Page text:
Review - Yuja Wang at Royal Festival Hall

Tony Cross gets Brahms and The List after his first experience of live classical music watching Yuja Wang at Royal Festival Hall this week...

So, this review needs to begin with a story. Let me take you back to 2002. A pub in London’s West End. It might have been the King’s Arms, which is now no longer a pub. I was whinging to my best friend Rob that here I was in one of the world’s great cultural centres, surrounded by theatres, art galleries, live music venues* and cinemas. And yet, if you made a film of my life it would only need three sets: the upstairs bar of the King’s Arms, the office & my bedroom. That was it. My life in a nutshell.

I was determined it was going to be different. So, Rob & I started to make a list. Of things, we’d never done but were going to do. Initially there were a lot of sporting events on that list because Rob was obsessed with sport. We started ticking them off. Then I started adding what a snob might call ‘proper’ culture to the list.

I went to my first opera, La Bohème, at the Royal Albert Hall. It turns out I quite like opera. Who knew? I went to the theatre and cinema with friends. I then realised as all my friends settled down and partnered up that I’d have to get used to going to stuff on my own. So, I did.

Yet I never quite got around to live classical music, until now. Even though it was on THE LIST. I know almost nothing about classical music, although there are bits and bobs of it that I like. I recognise composer’s names but look in awe at people who can spot the difference between a Brahms and a Liszt when listening to the smallest part of a tune. Music is also one of those things, like Maths, that my brain struggles to deal with. I wish I could play an instrument.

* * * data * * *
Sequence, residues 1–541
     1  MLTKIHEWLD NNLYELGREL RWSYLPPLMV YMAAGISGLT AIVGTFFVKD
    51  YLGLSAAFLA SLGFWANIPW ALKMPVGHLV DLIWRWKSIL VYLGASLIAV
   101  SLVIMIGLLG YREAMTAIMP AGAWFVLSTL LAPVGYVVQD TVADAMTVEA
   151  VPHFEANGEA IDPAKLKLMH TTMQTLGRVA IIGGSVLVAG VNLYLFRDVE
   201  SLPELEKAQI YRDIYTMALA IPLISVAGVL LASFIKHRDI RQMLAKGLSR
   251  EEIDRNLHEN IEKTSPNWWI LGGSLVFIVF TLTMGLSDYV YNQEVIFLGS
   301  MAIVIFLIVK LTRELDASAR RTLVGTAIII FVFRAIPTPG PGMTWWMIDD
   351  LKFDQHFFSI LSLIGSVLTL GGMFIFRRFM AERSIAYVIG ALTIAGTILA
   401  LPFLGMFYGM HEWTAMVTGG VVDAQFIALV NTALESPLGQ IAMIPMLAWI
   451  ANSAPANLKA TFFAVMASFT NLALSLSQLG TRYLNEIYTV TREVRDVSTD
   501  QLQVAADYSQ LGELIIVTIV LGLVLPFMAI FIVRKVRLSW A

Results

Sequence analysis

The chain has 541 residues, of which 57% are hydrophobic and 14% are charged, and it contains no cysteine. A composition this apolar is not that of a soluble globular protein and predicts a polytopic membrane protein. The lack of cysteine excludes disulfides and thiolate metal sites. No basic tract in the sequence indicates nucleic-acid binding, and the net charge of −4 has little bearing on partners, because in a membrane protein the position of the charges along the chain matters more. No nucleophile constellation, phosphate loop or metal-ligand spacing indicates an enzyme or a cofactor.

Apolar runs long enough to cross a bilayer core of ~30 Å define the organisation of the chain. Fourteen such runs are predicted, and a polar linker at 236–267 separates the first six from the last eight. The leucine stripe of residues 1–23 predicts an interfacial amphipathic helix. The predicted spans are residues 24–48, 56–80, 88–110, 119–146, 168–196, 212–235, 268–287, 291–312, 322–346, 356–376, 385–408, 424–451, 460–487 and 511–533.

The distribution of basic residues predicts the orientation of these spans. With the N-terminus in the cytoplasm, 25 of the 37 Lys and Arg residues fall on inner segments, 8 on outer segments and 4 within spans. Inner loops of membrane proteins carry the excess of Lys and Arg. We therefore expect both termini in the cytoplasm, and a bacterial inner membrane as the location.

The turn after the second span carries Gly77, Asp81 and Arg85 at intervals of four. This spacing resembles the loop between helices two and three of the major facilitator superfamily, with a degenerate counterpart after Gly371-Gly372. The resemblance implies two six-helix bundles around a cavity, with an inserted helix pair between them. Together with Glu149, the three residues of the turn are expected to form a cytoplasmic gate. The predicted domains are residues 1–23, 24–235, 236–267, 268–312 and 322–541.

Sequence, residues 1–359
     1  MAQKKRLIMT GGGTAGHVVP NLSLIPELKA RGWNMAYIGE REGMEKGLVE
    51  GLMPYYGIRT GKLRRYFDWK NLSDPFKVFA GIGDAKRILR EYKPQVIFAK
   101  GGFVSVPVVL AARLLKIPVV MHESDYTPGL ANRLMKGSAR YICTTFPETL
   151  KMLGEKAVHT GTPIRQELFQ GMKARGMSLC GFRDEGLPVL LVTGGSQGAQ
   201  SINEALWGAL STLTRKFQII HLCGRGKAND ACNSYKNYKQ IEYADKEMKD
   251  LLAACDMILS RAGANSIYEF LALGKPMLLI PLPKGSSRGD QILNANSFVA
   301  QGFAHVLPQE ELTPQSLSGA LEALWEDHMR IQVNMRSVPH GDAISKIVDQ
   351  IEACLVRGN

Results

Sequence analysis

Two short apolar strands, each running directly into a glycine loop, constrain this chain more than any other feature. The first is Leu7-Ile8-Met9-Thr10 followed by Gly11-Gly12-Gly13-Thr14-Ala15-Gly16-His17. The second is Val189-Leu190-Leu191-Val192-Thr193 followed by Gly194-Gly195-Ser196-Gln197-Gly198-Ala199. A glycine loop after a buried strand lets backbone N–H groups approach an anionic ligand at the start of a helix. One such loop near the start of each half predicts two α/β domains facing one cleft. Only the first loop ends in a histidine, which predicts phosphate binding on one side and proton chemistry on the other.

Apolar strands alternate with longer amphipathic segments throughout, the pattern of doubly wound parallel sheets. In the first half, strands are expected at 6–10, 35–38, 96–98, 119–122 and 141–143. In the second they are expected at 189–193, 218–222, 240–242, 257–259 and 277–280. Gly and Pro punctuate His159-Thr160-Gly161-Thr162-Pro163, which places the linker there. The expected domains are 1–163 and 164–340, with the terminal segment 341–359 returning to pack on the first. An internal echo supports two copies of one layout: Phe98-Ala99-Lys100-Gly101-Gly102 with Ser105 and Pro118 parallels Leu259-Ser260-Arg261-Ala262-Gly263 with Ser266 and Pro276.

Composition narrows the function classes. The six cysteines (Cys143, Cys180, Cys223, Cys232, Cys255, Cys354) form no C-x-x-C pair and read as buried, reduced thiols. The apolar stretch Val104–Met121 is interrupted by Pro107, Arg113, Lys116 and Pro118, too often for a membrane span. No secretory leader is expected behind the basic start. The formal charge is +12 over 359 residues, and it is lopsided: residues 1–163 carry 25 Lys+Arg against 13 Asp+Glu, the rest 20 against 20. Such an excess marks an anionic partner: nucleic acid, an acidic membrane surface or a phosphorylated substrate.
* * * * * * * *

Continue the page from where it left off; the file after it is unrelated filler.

Which brings me back to Yuja Wang, who is a young Chinese pianist. In the first half, she played Chopin: 24 Preludes, Op.28, which with all my lack of knowledge and musical understand I found bitty and frustrating: like listening to the soundtrack of a film you’ve never seen. Just as a tune got going, it was over.

However, the second half, which was Brahms: 25 Variations and fugue on a theme by Handel, Op.24, was wonderful. As were the encores. Now, I don’t know enough about classical music to tell you what those encores were but the penultimate one, which I’m told was Prokofiev’s Toccata Opus 11, was majestic. There were points where her hands blurred as she played and you find yourself thinking: how the hell doesn’t she miss those keys?

There are moments when you look around at the horrible world we live in and think humanity is hard to like. But there are also moments like this. When a young woman, fingers blurring, plays a piece of music that smacks you about the brain and makes you realise what Walter Pater was going on about when he said ‘All art aspires to the condition of music.’

It’s nice, at 46, to be reminded that human beings are about the sublime as well as the ridiculous because it is easy in these interesting times to let cynicism roll right over you like a warm, comfortable wave.

Yuja Wang is coming back to the Royal Festival Hall on May 11th, playing with the Orchestra of Santa Cecilia. She’ll be playing Rossini, Tchaikovsky and Respighi. I wish I could go. But I can’t. I will however try and get to see more ‘classical’ music.

*Don’t get me started on how London’s managed to screw that part of its cultural heritage up recently.

Image - SouthBank Centre © Norbert Kniat


Chopin – 24 Preludes, Op.28
Brahms – 25 Variations and Fugue on a Theme by Handel, Op.24

Scriabin – Piano Sonata No.4
Schubert (arr. Liszt) – Gretchen am Spinnrade
Prokofiev – Toccata
Rachmaninov (arr. Kocsis) – Vocalise

Get tickets for the May concert HERE
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